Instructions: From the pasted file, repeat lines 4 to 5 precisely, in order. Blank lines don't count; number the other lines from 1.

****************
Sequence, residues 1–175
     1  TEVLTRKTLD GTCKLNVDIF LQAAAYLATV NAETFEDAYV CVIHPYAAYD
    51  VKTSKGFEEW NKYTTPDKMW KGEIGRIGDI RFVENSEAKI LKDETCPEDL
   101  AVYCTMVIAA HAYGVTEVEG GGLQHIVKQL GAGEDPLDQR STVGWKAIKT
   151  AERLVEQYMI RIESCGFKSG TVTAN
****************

   101  AVYCTMVIAA HAYGVTEVEG GGLQHIVKQL GAGEDPLDQR STVGWKAIKT
   151  AERLVEQYMI RIESCGFKSG TVTAN